Casting for Competition
Red Lodge woman joins the U.S. Fly Fishing Team
By Laura Bailey
When Lindsay Szofran wades out into the stream with her fly rod, she takes a minute to think about what might be below the water’s surface. She visualizes the rocky topography, the underwater flora clinging to the rocks, the tiny emerging insects, the current moving everything, and, of course, the trout, with their noses pointed upstream, waiting for the perfect presentation of her fly.
“It’s fascinating to me to try to understand a world I can’t see,” Lindsay says. “I just want to absorb the whole experience.”
Lindsay has been fly fishing for more than 25 years. She started out working in a fly shop, and for the past several years has been a licensed fly fishing guide and has taught dozens of people to fly fish. She’s caught more fish that most people ever will, and now she’s taking her passion for the sport to the next level: competition.
She’s one of six women on the inaugural United States Women’s Fly Fishing Team, and she’s hoping her mindful approach to fishing, along with her nearly obsessive attention to all the technical details, will give her an advantage as she competes this year in regional, national and, eventually, world competitions. These days she’s out on area rivers, lakes and creeks practicing. It comes easy. Fly fishing is one of her favorite ways to spend her days.
“The challenging part of any competition is not the day of the competition, it’s the journey to that competition,” Lindsay says. “It’s staying focused, staying motivated and staying on track with training.”
Lindsay first became acquainted with competitive fly fishing in 2014, when her husband Andy competed on the men’s U.S. Fly Fishing Team circuit, qualifying for regional competitions and then, finally, the national competition in Lake Placid, New York. Lindsay went along to all his competitions and was a streamside judge during nationals.
When the U.S. Women’s Fly Fishing Team began to take shape in 2020, competitions were suspended due to the pandemic, so team members were recruited through an application process. Lindsay applied and was chosen along with Ashley Wilmont of State College, Pennsylvania., Carolyn Emery of Ball Ground, Georgia, Lesley Smith of San Diego, California, Tess Weigand of Coburn, Pennsylvania, and Team Captain Madoka Myers of Boulder, Colorado.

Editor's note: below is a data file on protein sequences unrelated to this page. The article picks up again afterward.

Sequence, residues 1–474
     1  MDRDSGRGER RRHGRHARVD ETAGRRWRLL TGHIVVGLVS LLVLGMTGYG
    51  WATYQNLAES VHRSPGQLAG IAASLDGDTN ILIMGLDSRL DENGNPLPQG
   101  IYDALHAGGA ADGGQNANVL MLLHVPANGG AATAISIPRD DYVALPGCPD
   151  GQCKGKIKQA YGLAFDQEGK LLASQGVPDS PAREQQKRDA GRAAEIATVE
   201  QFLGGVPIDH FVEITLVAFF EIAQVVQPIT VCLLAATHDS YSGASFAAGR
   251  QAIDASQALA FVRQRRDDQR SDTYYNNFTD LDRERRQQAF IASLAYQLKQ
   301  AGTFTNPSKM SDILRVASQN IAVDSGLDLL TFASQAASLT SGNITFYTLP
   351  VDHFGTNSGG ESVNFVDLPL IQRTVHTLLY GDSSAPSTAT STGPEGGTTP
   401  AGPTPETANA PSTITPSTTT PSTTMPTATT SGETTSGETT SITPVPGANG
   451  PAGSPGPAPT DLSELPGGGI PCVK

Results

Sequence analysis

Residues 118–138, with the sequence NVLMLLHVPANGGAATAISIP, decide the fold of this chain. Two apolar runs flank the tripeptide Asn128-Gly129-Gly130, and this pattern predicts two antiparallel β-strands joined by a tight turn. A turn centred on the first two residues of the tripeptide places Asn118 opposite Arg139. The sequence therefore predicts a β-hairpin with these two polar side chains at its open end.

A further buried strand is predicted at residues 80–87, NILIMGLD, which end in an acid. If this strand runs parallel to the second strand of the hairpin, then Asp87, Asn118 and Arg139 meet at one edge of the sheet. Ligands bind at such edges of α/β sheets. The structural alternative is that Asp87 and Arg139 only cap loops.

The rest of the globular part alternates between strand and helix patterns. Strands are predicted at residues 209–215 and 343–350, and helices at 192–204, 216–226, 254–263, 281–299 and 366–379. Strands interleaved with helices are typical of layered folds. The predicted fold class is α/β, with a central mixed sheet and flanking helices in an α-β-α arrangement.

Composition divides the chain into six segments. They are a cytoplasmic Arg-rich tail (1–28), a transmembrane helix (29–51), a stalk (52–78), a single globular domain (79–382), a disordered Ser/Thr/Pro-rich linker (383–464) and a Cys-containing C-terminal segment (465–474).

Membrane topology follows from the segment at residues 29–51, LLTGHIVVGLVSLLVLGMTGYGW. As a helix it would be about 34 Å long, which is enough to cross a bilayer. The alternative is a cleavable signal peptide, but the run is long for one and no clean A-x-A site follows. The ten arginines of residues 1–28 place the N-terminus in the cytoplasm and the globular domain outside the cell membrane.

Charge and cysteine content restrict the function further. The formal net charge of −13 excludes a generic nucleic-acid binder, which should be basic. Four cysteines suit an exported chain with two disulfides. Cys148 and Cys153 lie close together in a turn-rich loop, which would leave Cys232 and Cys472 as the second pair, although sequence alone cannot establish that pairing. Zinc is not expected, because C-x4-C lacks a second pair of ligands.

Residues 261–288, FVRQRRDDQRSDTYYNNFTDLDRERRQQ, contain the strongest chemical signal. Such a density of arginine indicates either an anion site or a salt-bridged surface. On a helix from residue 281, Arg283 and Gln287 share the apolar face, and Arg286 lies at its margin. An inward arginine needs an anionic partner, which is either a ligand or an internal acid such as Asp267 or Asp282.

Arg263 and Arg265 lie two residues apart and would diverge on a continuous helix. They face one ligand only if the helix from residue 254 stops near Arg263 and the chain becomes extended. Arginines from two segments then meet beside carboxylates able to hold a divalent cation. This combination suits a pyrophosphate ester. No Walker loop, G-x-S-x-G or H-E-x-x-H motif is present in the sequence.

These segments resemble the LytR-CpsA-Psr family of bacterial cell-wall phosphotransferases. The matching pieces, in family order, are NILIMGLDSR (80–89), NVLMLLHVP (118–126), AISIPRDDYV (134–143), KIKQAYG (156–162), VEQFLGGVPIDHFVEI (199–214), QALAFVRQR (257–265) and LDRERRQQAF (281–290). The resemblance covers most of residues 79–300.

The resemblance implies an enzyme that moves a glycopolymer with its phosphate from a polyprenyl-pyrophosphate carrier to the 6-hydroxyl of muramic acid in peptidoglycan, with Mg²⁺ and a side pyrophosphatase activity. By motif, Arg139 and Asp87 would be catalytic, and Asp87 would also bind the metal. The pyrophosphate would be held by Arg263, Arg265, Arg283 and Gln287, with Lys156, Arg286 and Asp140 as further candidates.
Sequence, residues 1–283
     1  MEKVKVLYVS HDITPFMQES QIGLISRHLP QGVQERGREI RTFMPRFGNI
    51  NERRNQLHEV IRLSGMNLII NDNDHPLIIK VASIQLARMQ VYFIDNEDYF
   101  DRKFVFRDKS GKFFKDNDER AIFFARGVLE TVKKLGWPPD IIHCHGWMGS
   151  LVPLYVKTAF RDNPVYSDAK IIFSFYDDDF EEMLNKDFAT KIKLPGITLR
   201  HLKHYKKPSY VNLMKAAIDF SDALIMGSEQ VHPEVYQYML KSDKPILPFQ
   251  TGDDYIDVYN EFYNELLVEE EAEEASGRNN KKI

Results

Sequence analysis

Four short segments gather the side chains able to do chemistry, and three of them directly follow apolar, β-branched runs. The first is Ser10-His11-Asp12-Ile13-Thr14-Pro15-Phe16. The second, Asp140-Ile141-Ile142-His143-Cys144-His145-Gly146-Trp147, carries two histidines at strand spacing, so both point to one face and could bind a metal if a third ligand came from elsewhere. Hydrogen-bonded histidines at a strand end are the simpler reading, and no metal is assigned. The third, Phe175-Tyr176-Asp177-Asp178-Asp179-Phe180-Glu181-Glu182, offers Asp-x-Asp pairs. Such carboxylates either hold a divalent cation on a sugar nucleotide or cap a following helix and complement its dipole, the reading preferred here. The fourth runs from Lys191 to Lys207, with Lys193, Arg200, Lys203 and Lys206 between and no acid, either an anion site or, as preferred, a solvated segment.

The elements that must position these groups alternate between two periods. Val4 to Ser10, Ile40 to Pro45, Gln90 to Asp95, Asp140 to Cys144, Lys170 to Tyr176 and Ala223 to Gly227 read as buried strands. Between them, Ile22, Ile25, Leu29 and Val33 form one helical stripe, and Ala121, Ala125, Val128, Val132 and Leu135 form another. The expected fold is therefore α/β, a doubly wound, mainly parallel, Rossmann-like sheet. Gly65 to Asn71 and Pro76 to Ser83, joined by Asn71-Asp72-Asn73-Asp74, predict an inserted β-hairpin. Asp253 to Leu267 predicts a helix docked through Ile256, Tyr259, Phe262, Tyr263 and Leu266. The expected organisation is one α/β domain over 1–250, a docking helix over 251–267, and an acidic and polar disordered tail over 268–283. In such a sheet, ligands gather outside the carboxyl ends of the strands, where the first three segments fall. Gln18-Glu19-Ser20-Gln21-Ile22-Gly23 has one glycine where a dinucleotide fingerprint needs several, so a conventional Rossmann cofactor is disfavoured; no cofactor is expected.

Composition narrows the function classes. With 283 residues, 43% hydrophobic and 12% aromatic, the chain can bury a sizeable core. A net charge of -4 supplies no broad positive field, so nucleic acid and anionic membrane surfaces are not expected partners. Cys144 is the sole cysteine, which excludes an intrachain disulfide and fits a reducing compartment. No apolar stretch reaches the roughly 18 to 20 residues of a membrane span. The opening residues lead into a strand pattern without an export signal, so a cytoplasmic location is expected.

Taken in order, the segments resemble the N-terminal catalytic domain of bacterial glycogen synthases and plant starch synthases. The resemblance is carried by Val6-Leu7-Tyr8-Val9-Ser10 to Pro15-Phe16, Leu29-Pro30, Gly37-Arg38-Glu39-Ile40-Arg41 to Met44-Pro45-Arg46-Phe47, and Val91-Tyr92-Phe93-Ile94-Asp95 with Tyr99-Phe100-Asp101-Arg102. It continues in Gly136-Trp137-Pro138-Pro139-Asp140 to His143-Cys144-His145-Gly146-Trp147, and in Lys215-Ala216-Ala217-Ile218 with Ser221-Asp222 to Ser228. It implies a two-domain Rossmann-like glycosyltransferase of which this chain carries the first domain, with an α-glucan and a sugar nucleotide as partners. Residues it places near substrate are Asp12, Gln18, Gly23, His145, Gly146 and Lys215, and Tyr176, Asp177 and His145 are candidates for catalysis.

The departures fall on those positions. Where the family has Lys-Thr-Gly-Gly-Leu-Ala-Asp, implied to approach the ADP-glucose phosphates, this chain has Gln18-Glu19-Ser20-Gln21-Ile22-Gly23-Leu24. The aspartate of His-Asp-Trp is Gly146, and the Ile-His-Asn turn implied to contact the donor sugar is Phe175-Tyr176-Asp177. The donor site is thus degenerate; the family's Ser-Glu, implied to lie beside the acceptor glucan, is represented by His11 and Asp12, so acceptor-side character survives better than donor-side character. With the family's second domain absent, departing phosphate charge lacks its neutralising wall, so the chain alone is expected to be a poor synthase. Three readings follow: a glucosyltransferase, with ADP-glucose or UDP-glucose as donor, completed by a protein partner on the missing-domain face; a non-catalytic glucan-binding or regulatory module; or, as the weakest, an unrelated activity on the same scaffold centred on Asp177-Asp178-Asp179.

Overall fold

In June they held their first competition in Pennsylvania, which also offered them a chance to get to know each other.
“Fishing with other likeminded people is fun and I’ve already made lifetime friendships,” Lindasy says.
Several more competitions are planned in the coming year, and if all goes well, the women will compete in the first-ever world championships in Norway next July. For now, her spot is guaranteed, but as more competitions are held, she’ll need to do well to keep her spot on the team.
“In competition, the opponent is myself,” Lindsay says. “I’m always trying to improve my skill set to be as good as I can possibly be.”
Lindsay grew up in Ballantine and, after earning a marketing degree at Montana State University, went to work at Red Lodge Mountain. She met her husband, and favorite fishing partner, Andy, in Red Lodge. Andy is an outfitter and together they own and operate Fly Fishing Only Adventures.
“He’s taught me almost everything I know about fishing,” Lindsay says.
When Lindsay is not guiding, she runs her own retail and marketing consulting business. For a few months each fall, she guides for steelhead for Speywater Lodge in Oregon. Steelhead are a species of trout that begin their lives in freshwater streams and live in the ocean and return annually to the same freshwater spawning grounds where they hatched. They’re huge fish and catching them on a flyrod requires expertise and mastery of spey casting, a dynamic, difficult technique.
“I think of everything they have survived to come back to this river and spawn,” Lindsay says. “To hold that fish for a moment is really amazing.”
Lindsay is known for being a patient and thoughtful instructor.
“When you teach someone, you give them the opportunity to have success on their own,” Lindsay says. “I love it when that lightbulb goes on and they catch that fish.”
For many of Lindsay’s guests, a trip down a Montana trout stream is a lifetime goal, and Lindsay doesn’t take that lightly. She wants them to have the best experience possible.
“We take that for granted because we live here, but people come from all over the world to fish here in Montana and specifically the Greater Yellowstone Ecosystem. We have a rich history of well-managed resources, and because of that we’re catching more fish – and these are wild fish, and that’s a special thing,” Lindsay says.
When the fishing is slow or her guests struggle to master their cast, she reminds them that a day on the water isn’t just about catching fish, it’s about experiencing nature and being outside in a wild and wonderful place. For Lindsay, the experience of fishing is a mindfulness practice. To stand in the current, visualize what’s under the water and focus on casting out to achieve a perfect drift to catch a feeding fish, is no small thing.
“It allows you to appreciate that moment in time,” Lindsay says. “You don’t worry about the past or the future, just focus on that moment.”